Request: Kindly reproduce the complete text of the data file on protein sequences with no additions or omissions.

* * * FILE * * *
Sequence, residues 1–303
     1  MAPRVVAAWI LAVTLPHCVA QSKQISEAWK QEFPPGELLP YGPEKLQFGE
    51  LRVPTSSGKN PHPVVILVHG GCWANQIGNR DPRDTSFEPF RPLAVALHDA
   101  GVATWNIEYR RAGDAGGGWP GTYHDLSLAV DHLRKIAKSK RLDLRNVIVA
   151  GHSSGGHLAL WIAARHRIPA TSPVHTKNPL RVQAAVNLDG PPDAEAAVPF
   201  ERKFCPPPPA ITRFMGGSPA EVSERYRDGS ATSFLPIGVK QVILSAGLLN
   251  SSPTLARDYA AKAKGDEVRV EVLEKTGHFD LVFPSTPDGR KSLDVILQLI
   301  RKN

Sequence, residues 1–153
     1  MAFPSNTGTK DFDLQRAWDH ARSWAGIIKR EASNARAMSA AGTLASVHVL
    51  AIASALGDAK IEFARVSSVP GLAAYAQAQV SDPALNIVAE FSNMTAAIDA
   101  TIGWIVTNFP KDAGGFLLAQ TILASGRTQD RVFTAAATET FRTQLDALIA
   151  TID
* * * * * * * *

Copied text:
Sequence, residues 1–303
     1  MAPRVVAAWI LAVTLPHCVA QSKQISEAWK QEFPPGELLP YGPEKLQFGE
    51  LRVPTSSGKN PHPVVILVHG GCWANQIGNR DPRDTSFEPF RPLAVALHDA
   101  GVATWNIEYR RAGDAGGGWP GTYHDLSLAV DHLRKIAKSK RLDLRNVIVA
   151  GHSSGGHLAL WIAARHRIPA TSPVHTKNPL RVQAAVNLDG PPDAEAAVPF
   201  ERKFCPPPPA ITRFMGGSPA EVSERYRDGS ATSFLPIGVK QVILSAGLLN
   251  SSPTLARDYA AKAKGDEVRV EVLEKTGHFD LVFPSTPDGR KSLDVILQLI
   301  RKN

Sequence, residues 1–153
     1  MAFPSNTGTK DFDLQRAWDH ARSWAGIIKR EASNARAMSA AGTLASVHVL
    51  AIASALGDAK IEFARVSSVP GLAAYAQAQV SDPALNIVAE FSNMTAAIDA
   101  TIGWIVTNFP KDAGGFLLAQ TILASGRTQD RVFTAAATET FRTQLDALIA
   151  TID